The Science Exchange team’s vision is the democratization of science where any researcher can access the expertise and equipment they need to perform their research in a quick and efficient way.
In January, WIRED wrote an article about the new Illumina HiSeq X Ten, the first system capable of sequencing the human genome for $1,000. The machine consists of ten concurrent sequencers capable of producing 1.8 terabases of data every 3 days. This means it can sequence up to 18,000 genomes per year.
WIRED cautioned that the system designed for population-scale research with a $10 million price tag would be affordable for only a few.
The post also listed the only 3 institutes who already have the system in place including the Broad Institute of MIT (Boston, MA), the Garvan Institute of Medical Research (Sydney, Australia), and Macrogen (South Korea).
Last week, the Garvan Institute’s Kinghorn Centre for Clinical Genomics listed their Illumina HiSeq X Ten on Science Exchange.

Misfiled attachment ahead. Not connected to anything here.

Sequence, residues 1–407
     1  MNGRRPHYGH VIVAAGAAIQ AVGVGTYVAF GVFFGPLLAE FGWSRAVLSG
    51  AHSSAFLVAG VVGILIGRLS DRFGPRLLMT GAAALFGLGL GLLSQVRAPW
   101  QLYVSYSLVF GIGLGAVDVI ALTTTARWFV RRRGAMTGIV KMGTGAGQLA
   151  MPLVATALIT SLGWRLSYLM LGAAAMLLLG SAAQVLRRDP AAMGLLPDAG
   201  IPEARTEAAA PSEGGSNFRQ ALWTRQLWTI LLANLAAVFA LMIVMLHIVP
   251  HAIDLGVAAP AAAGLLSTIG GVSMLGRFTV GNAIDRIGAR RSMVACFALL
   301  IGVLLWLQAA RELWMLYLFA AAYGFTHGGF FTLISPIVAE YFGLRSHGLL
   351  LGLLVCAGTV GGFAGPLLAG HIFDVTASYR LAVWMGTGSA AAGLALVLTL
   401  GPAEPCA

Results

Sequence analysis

Our vision is coming true. This amazing technology that was previously ‘affordable for only a few’ is now available to all researchers.
You can visit the Kinghorn Centre’s Science Exchange storefront to access the Illumina HiSeq X Ten. It’s an exciting time to be a scientist!
The Science Exchange team (December 2013)
When I did my last team related post, we had just finished a whirlwind of hiring that expanded the Science Exchange team to nine stellar and diverse “athletes” (in the Jason Freedman sense of the word). Well, I’m proud to share that the team has continued to grow. Over the last six months, we’ve been fortunate enough to find one perfect candidate after another.